19 When asked to give a general appraisal of ISIL, a clear majority of % of the Arab public expressed an overall negative attitude towards the group (either negative or negative to some extent ). This majority was visible in the results from all of the surveyed countries and population groups, and followed this order of precedence:,,, Saudi Arabia, Egypt, amongst Syrian refugees, and Palestine (in that order) Egypt Syrian refugees Saudi Arabia Palestine 0 1 Positive Negative to some extent Do not know / Refused Positive to some extent Negative Figure Respondents' answers to the question "In general, do you have a positive or negative view of ISIL?" 1

20 Further seeking to understand respondents views of ISIL, the survey included questions which asked participants to identify the factors that contributed the most to the group s popularity amongst, and influence on, its supporters. Respondents were asked to consider such arguments regardless of whether or not they themselves accepted their validity. When asked to identify such reasons and factors, 1% of respondents cited ISIL s military achievements, with the highest proportions of those citing this factor coming from Palestine, Egypt, and amongst the Syrian refugee population. The second most commonly cited factor, accounting for 1% of respondents, was the declaration of an Islamic Caliphate, with the largest proportions of such answers coming from, Palestine, Egypt and. 0

21 Table Factors cited by respondents as the main causes for ISIL's strength and support, regardless of their own acceptance of such arguments. Responses reported below represent a combination of the two factors cited by each respondent. Palestine Egypt Syrian refugees Saudi Arabia Military achievements Declaring Islamic caliphate Commitment to Islamic principles Purported defense of the Sunnis Willingness to stand up to West Standing up against the Syrian and/or i regime Willingness to stand up to Iran The support and funding it receives from specific Arab and non-arab countries The group s own economic strength Lack of security and political stability in the region The Media Supporters economic circumstances Others Do not know / Refused Total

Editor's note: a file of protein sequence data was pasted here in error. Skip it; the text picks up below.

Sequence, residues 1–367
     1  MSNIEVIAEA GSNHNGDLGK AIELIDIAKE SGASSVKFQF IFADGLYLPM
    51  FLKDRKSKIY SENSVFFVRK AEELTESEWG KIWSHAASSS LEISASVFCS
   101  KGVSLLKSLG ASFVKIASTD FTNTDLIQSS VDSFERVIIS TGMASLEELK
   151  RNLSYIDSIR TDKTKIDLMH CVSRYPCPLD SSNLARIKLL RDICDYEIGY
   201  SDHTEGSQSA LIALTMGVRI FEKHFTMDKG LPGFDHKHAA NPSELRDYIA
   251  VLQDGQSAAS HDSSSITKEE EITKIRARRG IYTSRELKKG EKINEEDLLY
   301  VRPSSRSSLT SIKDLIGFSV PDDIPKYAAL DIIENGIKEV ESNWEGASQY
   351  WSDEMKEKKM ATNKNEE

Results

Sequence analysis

22 Conclusions The results of the survey indicate that the vast majority of the Arab public has a negative view of ISIL, while % of Arabs have a positive view (either Positive or Positive to some extent ). This latter figure is nonetheless statistically significant; understanding and investigating the rationale behind such attitudes is undoubtedly a pressing concern. Arab public opinion also provides a number of arguments to explain ISIL s popularity amongst its supporters, the most important of these being the group s military achievements; its adherence to religious principles; its preparedness to confront the West; and its self-proclaimed status as a defender of the Sunni Muslim community in and Syria. In addition, the air strikes against ISIL sites and presently being undertaken by the international coalition enjoy the support of a majority of the Arab public (roughly onethird of the Arab public is opposed to them). This is echoed in support for the international coalition s stated aims. Despite such opposition to ISIL and support for the international coalition assembled to combat the group, confidence in the ability of the US-led coalition to achieve its aims remains low: only one-quarter of the Arab public believes that the coalition can accomplish what it has set out to do. Such skepticism towards the coalition is further highlighted by the fact that most respondents named a select group of parties as beneficiaries from the latest air strikes: the United States, Israel, Iran and the Syrian regime. Only % of Arabs believe that their own home countries would benefit from the coalition s military campaign. Clearly, this skepticism further feeds in to the Arab public s generally negative view of US foreign policy towards the Arab region. Such attitudes on the part of the Arab public could be remedied, provided that the United States ended its support for Israel and also took the measures needed to end the Syrian crisis in a manner that met the aspirations of the Syrian people. In conclusion, the Arab public opposes ISIL and supports the coalition s stated objective of degrade and ultimately destroy the group. Nonetheless, the Arab public remains skeptical of the coalition s ability to achieve that aim, and further believes that the USled campaign against ISIL would serve the interest of a small group of global and regional powers at the expense of respondents home countries. The Arab public s negative perception of the credibility of the United States, the country leading the anti- ISIL coalition, based on American policy towards the Palestinian cause and the Syrian crisis, is reflected in widespread skepticism of the coalition s ability to accomplish its aims.